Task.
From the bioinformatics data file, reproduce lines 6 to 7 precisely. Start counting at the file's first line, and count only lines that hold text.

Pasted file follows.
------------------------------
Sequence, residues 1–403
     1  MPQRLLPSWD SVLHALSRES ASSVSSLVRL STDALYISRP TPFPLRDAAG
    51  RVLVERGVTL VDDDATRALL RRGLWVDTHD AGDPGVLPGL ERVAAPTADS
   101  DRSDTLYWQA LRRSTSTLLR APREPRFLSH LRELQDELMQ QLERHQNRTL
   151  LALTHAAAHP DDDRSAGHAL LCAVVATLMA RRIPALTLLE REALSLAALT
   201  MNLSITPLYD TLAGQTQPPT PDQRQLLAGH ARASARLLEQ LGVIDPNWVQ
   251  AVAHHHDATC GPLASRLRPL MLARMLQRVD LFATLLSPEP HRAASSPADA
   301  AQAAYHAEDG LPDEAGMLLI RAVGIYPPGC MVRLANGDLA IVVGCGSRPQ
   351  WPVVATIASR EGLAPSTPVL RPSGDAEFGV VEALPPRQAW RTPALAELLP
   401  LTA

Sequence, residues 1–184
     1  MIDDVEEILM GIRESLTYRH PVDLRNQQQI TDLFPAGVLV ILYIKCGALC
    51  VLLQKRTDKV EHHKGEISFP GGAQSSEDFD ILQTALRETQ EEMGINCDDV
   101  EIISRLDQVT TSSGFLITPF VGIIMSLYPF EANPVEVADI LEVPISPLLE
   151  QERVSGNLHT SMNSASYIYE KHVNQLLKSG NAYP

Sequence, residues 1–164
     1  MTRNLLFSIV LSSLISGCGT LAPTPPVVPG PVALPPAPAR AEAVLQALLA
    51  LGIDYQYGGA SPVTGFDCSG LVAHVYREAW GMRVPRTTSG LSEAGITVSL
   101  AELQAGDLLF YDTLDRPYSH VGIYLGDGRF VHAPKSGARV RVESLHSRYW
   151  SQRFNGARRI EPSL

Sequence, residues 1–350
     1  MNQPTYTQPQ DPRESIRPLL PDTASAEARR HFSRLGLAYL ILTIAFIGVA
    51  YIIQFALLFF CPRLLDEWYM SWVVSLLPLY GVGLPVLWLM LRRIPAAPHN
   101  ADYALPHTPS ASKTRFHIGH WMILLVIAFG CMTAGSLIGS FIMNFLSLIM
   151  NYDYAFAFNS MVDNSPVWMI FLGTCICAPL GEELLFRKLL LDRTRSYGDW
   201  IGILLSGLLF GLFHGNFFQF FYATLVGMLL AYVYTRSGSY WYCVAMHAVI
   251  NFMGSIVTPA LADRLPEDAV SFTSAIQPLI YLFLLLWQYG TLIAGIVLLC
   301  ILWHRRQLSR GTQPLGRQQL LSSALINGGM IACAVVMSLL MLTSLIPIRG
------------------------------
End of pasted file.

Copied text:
   201  MNLSITPLYD TLAGQTQPPT PDQRQLLAGH ARASARLLEQ LGVIDPNWVQ
   251  AVAHHHDATC GPLASRLRPL MLARMLQRVD LFATLLSPEP HRAASSPADA